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President Obama ends his Alaska visit today with more calls for urgent action on climate change. But is the US taking urgent enough action to get a foothold in the northern polar region where Russia, China and other nations have already staked claims? Guest host Barbara Bogaev explores the new Cold War in the Arctic.

Also, the President secures a crucial Congressional vote on the Iran nuclear deal. On today's Talking Point, jail time instead of psychiatric help. How an arrest for stealing snacks ended in death for one mentally ill young man.

Photo: President Obama at Resurrection Bay in Alaska (Official White House photo)

Iran Nuke Deal Secures Crucial Vote in Congress 6 MIN, 30 SEC

The Obama Administration now appears to have enough Congressional votes in favor of the President's nuclear deal with Iran. Today Democratic Senator Barbara Mikulski of Maryland became the 34th Democrat to support the President's plan. Jonathan Weisman, deputy Washington editor for the New York Times and author of the new book, Number Four Imperial Lane, has the latest on this developing story.

Jonathan Weisman, New York Times (@jonathanweisman)

Iran Nuclear Agreement Review Act of 2015

Climate Change Creates a New Cold War in the Arctic 35 MIN, 47 SEC

The Arctic's warming waters are full of ships, but few of them are flying a US flag. Forty-one Russian icebreakers patrol busy shipping channels, and that nation's laid claim to more than half a million square miles of the region's rich seabed. China, South Korea and Singapore are also vying to be polar expedition superpowers. So far on his Alaska trip the President has hiked a glacier, taken a boat ride and talked a lot about rising seas and the urgent need to cut back on greenhouse gas emissions. He's also called for more Coast Guard icebreakers and an expanded US presence in the region. Can America catch up with its rivals and protect its interests and national security in the Arctic?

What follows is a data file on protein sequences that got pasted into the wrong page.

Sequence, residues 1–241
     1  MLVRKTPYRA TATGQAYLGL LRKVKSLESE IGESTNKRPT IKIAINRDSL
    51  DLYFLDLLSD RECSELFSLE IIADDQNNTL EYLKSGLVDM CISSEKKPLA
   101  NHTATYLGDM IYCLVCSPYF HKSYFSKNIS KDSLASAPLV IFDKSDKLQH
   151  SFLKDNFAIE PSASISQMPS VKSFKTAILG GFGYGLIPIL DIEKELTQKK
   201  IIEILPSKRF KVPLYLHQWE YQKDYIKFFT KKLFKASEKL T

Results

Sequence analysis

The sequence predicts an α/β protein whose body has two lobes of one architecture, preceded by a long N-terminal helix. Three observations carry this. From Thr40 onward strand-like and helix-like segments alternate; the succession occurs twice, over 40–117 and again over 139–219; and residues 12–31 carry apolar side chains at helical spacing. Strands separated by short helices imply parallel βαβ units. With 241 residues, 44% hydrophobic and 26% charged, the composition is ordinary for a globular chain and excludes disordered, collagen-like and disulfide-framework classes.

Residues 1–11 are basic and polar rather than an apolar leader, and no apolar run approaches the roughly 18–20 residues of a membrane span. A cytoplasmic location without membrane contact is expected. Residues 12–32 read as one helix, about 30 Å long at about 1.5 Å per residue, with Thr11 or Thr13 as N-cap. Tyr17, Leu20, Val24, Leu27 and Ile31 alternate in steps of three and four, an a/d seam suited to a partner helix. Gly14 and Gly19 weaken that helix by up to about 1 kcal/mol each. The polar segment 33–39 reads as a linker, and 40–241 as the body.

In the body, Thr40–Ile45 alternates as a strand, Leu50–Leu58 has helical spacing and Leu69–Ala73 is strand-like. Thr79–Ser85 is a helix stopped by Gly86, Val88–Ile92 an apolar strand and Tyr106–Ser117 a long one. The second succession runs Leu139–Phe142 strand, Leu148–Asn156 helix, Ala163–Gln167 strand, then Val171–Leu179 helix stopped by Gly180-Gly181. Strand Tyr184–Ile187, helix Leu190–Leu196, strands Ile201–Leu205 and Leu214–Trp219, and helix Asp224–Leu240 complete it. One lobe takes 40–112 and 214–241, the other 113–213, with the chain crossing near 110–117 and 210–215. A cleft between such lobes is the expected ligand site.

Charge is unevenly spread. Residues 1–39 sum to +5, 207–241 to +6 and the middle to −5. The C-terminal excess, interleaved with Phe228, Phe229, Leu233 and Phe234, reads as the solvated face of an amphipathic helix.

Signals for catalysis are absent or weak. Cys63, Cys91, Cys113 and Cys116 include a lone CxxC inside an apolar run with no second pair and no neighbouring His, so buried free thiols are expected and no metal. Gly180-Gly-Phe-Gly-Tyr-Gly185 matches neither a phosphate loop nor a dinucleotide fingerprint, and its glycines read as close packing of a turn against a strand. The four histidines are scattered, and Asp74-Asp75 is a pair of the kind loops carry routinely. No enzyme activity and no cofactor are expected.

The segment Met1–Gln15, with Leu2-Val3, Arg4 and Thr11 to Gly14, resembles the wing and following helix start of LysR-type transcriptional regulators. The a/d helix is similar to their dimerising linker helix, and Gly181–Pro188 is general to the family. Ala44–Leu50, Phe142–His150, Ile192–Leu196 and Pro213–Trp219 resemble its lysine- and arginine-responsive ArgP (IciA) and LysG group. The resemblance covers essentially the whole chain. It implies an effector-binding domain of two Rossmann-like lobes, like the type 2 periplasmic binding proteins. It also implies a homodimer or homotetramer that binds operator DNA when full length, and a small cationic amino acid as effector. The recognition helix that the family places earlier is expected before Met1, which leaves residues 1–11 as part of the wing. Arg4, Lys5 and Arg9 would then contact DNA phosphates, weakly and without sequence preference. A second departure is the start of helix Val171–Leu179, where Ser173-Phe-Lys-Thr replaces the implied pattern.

Alex DeMarban, Alaska Dispatch News (@adndotcom)
Fran Ulmer, US Arctic Research Commission (@US_ARC)
David Titley, Pennsylvania State University (@dwtitley)
Heather Conley, Center for Strategic and International Studies (@CSISEurope)

National Arctic Strategy for the Arctic Region
Arctic Steering Committee
UN Convention on the Law of the Sea
Alaska Dispatch News photos of Kotzebue's preparations for Obama’s visit
CSIS paper on Russia's strategic reach into the Arctic
Penn State Center for Solutions to Weather & Climate Risk on a strategy for US leadership in the high north

When the Mentally Ill Land in Jail Instead of in Psych Treatment 7 MIN, 47 SEC

There are approximately ten times more mentally ill people behind bars than in psychiatric hospitals. Last month, a 24-year-old African American man died in a Virginia jail four months after being arrested for stealing about $5 worth of junk food. Jamycheal Mitchell was accused of stealing a Snickers bar, a Mountain Dew and a Zebra Cake from a 7­Eleven. His family says he suffered from schizophrenia and bipolar disorder. The courts were aware of his mental illness and found him unfit to stand trial. A judge recommended he be transferred to a mental health facility, but the transfer never happened. Slate's Dahlia Lithwick says this is just one example of an ongoing failure of the criminal justice system and its treatment of the mentally ill.

Photo: Keith Allison

Dahlia Lithwick, Legal Affairs correspondent for Slate (@dahlialithwick)

Urban Institute study on the processing, treatment of the mentally ill in the criminal justice system
TtP on Sandra Bland's arrest
TtP on Sandra Bland's Texas jail hanging

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